Dept. of ‘Say It Ain’t So’

Forbes reporter Ted Siedle alleges that asset managers are using the financial crisis to gain greater control over the billions in troubled public pensions—in this case, Rhode Island’s.

A Florida pension investigator and columnist for Forbes magazine has published a 105-page report asserting that the treasurer of Rhode Island has misspent tens of millions of dollars on asset management fees when she could have used the money to preserve retiree benefits. 

An executive summary of the report by former SEC attorney and investment company counsel, Edward Siedle, appears on the Forbes website. The title is, “Rhode Island Public Pension Reform: Wall Street’s License to Steal.”

Less than a month ago, Rolling Stone magazine and journalist David Sirota published related investigative stories–all of them reflecting the fear and anger among public pension officials that their current financial weakness is being exploited by people who want greater access to their asset pools.

Siedle is the president of Benchmark Financial Services of Ocean Ridge, Fla. He was retained by Council 94 of the American Federation of State, County and Municipal Employees (AFSCME), Rhode Island’s largest public employee union, to investigate the management of the $7 billion Employee Retirement System of Rhode Island (ERSRI).

A former regulator and fund company executive, Siedle has published a series of muckraking columns in conservative Forbes about the U.S. retirement crisis and about the hiring of hedge fund managers by public employee pension funds. He himself manages pension funds in Florida, he told RIJ in a phone interview this week.

Three weeks ago, Rolling Stone magazine published a sensational, overheated article about a “plot” by conservative think tanks, foundations and local politicians to use the undeniable financial difficulties of some public pensions—underfunding due to the 2008 crash and systematic underfunding—as an opportunity to convert as many public pensions to defined contribution plans as possible.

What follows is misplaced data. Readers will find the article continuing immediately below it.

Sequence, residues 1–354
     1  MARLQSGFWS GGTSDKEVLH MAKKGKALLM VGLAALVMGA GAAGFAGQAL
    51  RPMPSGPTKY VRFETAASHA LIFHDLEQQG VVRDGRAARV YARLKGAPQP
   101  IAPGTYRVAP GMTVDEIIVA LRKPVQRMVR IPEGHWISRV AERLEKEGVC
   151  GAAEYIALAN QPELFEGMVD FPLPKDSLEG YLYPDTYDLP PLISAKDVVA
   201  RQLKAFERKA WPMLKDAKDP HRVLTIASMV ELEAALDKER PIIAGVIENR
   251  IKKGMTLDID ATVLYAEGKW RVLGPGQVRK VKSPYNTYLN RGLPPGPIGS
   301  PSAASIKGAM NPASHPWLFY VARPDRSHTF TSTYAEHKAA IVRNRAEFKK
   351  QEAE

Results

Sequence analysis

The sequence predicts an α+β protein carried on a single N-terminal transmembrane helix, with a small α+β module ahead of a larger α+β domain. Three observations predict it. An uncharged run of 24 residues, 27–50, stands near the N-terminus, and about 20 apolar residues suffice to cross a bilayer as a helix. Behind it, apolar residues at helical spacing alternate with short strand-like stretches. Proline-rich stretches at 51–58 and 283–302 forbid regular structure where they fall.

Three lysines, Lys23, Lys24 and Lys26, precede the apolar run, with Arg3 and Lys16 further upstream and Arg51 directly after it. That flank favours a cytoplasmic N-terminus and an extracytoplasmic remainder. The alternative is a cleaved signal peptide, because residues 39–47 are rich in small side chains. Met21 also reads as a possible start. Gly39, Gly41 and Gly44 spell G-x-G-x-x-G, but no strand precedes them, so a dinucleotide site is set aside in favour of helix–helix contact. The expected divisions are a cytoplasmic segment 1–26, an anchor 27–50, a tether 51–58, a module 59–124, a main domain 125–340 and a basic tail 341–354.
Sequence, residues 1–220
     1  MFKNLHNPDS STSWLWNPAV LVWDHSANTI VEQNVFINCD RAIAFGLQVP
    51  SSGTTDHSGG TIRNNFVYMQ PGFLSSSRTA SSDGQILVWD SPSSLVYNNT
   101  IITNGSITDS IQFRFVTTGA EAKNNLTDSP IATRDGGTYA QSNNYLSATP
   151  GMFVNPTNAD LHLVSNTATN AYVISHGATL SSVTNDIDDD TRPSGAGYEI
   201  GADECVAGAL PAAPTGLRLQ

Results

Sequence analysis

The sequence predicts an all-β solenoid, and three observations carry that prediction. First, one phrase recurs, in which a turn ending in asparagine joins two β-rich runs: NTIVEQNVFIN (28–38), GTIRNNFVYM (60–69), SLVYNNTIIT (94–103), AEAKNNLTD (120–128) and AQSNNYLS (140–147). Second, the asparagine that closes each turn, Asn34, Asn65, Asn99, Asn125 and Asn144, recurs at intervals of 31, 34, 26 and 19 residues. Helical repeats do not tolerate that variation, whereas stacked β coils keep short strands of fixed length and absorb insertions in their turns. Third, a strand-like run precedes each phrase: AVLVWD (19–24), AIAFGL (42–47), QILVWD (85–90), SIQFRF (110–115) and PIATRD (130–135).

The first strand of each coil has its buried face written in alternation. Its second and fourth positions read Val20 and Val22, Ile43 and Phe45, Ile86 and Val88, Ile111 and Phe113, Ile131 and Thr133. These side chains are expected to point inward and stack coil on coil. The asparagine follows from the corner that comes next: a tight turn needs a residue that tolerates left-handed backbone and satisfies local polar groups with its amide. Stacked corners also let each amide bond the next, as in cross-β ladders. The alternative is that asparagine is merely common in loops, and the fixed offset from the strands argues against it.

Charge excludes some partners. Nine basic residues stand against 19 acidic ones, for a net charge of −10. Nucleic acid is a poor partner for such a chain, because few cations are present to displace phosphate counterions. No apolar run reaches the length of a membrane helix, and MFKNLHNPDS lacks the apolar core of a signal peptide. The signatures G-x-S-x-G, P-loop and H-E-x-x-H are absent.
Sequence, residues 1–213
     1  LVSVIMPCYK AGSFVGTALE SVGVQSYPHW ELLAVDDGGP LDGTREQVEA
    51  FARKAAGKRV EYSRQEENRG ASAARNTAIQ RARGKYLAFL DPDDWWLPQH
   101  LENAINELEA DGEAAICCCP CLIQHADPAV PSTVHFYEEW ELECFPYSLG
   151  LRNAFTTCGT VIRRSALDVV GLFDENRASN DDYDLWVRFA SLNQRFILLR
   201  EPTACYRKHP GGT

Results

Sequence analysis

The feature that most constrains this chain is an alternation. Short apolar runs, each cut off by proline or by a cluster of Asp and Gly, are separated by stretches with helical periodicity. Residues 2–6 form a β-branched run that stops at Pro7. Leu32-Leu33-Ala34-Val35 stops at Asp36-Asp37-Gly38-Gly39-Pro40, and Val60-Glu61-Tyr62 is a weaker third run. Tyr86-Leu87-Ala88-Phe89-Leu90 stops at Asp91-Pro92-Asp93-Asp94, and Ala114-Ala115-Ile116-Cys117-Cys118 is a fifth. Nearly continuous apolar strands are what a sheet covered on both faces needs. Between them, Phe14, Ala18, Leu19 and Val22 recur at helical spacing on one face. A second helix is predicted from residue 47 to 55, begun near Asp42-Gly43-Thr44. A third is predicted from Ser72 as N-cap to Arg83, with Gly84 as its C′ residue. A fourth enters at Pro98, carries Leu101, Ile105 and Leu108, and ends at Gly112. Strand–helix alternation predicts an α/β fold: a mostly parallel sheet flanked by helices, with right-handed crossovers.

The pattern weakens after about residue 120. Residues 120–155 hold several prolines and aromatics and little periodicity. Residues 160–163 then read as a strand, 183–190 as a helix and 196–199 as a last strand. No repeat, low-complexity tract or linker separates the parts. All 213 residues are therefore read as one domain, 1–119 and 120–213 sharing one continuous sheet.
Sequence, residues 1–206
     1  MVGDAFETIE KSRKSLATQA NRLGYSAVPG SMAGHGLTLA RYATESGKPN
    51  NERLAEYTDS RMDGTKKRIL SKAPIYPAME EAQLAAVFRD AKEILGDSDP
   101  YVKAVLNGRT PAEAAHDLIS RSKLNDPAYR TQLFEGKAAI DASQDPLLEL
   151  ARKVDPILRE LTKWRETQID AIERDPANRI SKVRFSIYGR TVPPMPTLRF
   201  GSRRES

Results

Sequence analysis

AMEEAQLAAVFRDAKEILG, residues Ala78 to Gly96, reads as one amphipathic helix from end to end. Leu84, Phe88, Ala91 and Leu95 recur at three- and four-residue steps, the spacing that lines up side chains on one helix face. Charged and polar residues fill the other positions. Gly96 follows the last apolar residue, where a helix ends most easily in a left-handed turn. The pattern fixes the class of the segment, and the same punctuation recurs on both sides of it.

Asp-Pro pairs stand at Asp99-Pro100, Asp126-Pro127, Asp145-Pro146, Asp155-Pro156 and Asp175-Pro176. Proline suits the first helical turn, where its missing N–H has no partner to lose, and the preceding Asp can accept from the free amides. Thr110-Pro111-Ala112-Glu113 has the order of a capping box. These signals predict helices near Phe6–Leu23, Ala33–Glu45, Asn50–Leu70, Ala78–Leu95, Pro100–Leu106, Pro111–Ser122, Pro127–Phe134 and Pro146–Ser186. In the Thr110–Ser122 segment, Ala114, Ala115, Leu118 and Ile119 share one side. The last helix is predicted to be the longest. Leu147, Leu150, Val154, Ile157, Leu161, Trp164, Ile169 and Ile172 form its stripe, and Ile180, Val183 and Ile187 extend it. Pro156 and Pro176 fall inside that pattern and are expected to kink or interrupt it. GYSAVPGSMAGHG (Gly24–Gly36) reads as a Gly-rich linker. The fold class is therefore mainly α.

RIJ asked Siedle if he agreed with Rolling Stone’s assertion that there’s a “plot” by conservative think tanks, foundations and some politicians to convert public defined benefit plans to DC plans. He paused only slightly before agreeing with the spirit of the Rolling Stone piece.    

“In the short term, there’s a conspiracy by the hedge funds to suck dry the assets in public pensions,” said Siedle, whose passion for his topic is evident, and occasionally spills over into his prose. “In the longer-term, Wall Street wants to convert DB pensions that currently pay them only 30 basis points to defined contribution plans that pay them 1%.”

The gist of his article is that Rhode Island’s General Treasurer and the fiduciary of the state pension fund, Gina Raimondo, has overseen a large increase in the fees paid to hedge funds for managing ERSRI assets while cutting retiree benefits by a roughly equal amount—all while denying the participants access to information about the decision-making behind it.

According to Siedle’s report, Raimondo increased the allocation of plan assets to hedge funds, venture capital and private equity funds by 25%, to almost $2 billion, in an apparent attempt to increase pension fund returns.  Subsequently, the fees paid to such firms rose to $70 million from about $11 million.

During the same time period, the Rhode Island Retirement Security Act of 2011 was passed. It suspended the cost of living adjustment (COLA) for all state employees, teachers, state police and judges, until the pension fund’s overall funding level surpasses 80%.

The chances of the funding level reaching 80% have been hurt, according to Siedle’s report, by the rise in fees and the reduction in April 2011 of the pension fund’s assumed rate of return from 8.25% to 7.5%. (Both figures are still far in excess of the austere risk-free rate that conservative think tanks recommend.) Siedle’s article says there’s reason to believe that consultants will recommend that the rate be reduced to 6%.

Participants in ERSRI have also become alarmed by the fact that Raimondo’s asset managers have brought in sub-par investment returns, thus diminishing even further the chances of a return of COLA increases. The managers earned “a mere 11.07% versus 12.43% for the median public-sector pension during the 12 months ended June 30, 2013,” Siedle writes.

Siedle has made a specialty of investigating and exposing what he believes to misconduct in the pension and investment world. In late 2008, his firm, Benchmark Financial Services, filed a federal class action lawsuit against FINRA, the financial industry’s self-regulating authority, and its managers, including then-chief executive Mary L. Schapiro. The widely-publicized suit accused them of enriching themselves by deceiving members of the National Association of Securities Dealers (NASD) into accepting only $35,000 each to approve the merger of NASD and the New York Stock Exchange, when the members were entitled to much more.

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